"The way we schedule our elective admissions is less predictable that when patients break their legs and come into the emergency department," Litvak said.
The way elective admissions are scheduled in most hospitals, he said, is a holdover from several years ago, when hospitals could afford to have enough staff to cover any peak load. Scheduling of admission was essentially left up to individual doctors, who consulted their own needs -- perhaps attending a conference or some other outside activity -- rather than those of the institution.
It was "absolutely un-coordinated," he said.
Today, when staffing levels are much lower, that system by and large hasn't changed, Litvak said, but now it causes problems.
Where it has changed -- using Litvak and his colleagues' ideas about patient flow -- the difference has been dramatic, he said.
At Cincinnati Children's Hospital, administrators took over scheduling elective surgery, reserving some operating rooms at all times for emergencies. Combined with other changes, that smoothed out patient flow.
The result, Litvak said, was that the average bed occupancy rate went from about 76 percent to about 90 percent, avoiding the need for a planned 100-bed expansion. Periodic overcrowding became much less common. And the streamlining meant the hospital increased its revenue by about $137 million a year.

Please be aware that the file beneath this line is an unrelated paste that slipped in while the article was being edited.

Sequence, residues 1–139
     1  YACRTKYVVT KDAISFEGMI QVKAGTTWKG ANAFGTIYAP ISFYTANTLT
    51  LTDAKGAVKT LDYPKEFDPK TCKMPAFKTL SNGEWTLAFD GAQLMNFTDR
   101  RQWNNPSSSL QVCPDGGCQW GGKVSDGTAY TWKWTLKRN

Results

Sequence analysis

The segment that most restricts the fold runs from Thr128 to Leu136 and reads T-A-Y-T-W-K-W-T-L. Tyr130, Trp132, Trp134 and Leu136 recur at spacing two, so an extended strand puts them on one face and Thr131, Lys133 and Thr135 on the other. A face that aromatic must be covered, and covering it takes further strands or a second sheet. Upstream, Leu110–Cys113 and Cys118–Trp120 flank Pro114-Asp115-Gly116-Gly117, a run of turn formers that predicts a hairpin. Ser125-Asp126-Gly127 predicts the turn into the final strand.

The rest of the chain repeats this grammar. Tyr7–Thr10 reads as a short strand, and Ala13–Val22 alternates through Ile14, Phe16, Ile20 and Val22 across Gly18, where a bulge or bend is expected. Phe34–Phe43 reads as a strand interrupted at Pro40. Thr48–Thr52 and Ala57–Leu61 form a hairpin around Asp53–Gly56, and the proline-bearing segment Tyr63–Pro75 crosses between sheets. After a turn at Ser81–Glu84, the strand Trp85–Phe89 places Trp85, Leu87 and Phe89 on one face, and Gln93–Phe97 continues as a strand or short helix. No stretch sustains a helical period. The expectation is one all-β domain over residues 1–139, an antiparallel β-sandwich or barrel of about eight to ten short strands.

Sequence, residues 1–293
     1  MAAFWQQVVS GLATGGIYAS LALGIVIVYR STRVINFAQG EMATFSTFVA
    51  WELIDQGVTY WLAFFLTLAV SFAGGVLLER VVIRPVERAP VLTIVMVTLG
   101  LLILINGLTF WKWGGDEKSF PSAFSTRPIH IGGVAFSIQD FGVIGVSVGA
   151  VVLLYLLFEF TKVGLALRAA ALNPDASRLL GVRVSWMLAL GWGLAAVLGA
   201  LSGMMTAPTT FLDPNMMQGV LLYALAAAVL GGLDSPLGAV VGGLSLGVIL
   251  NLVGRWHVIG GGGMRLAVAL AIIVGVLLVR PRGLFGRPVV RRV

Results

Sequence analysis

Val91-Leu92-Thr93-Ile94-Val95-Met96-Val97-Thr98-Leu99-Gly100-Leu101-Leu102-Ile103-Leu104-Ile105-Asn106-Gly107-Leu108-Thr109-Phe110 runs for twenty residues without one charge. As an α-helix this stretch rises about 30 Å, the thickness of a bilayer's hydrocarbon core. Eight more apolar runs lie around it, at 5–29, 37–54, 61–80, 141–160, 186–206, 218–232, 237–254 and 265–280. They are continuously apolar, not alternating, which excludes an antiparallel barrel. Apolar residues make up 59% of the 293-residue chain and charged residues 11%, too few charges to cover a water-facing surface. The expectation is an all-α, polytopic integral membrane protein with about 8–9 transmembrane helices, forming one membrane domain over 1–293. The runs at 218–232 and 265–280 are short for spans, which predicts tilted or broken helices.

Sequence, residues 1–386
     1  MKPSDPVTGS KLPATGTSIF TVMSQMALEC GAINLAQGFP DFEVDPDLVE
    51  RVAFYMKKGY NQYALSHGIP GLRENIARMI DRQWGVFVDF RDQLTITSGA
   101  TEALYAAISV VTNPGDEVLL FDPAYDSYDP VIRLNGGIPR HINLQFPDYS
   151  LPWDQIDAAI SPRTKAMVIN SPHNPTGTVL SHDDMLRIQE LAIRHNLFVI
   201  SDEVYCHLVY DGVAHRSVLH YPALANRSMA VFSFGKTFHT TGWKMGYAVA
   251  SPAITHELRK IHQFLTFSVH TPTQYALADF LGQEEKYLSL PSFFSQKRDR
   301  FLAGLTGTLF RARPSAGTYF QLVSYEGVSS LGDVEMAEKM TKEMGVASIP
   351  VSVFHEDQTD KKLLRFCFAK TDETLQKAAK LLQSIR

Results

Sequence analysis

Litvak argues that if such changes took place across all U.S. hospitals, the saving would be about $1 trillion over 10 years.
Rather than focus on the best way to organize and operate rapid response teams, Litvak and Pronovost argue in the journal, researchers should be looking at ways to improve patient flow "to provide each patient with the right care at the right time, not more and not less."
Goldmann, however, said such institutional reflection is already occurring, and there still exists a place for RRTs.
"We actively look at the patients who require a rapid response or a code and we try and determine if it was something that should have been predicted -- was there something we should have done differently," he said.
"I would be surprised if there aren't hospitals that are so overwhelmed by the volume in emergency rooms and the number of patients requiring intensive care that placing patients in a timely way in ICU is a challenge. I would hope that those hospitals are examining ways to unload their systems. It's like many other areas of quality improvement where there are gaps and some institutions are further ahead than others, some are more challenged than others."